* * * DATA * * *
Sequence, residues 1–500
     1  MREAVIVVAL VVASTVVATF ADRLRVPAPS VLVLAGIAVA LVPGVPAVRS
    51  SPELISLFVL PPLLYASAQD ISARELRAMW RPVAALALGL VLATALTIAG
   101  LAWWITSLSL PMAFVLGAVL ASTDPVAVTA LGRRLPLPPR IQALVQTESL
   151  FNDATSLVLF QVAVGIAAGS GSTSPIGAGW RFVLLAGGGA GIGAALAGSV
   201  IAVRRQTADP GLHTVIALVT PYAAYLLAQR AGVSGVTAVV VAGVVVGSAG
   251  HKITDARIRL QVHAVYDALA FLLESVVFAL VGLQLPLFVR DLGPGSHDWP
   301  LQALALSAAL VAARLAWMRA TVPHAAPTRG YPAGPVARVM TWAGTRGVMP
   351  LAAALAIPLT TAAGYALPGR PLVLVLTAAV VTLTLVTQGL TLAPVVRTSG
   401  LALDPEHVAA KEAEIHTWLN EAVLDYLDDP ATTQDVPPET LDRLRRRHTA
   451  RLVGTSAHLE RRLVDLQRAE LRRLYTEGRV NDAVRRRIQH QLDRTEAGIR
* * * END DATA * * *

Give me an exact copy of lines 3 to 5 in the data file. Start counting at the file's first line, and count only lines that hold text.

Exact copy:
    51  SPELISLFVL PPLLYASAQD ISARELRAMW RPVAALALGL VLATALTIAG
   101  LAWWITSLSL PMAFVLGAVL ASTDPVAVTA LGRRLPLPPR IQALVQTESL
   151  FNDATSLVLF QVAVGIAAGS GSTSPIGAGW RFVLLAGGGA GIGAALAGSV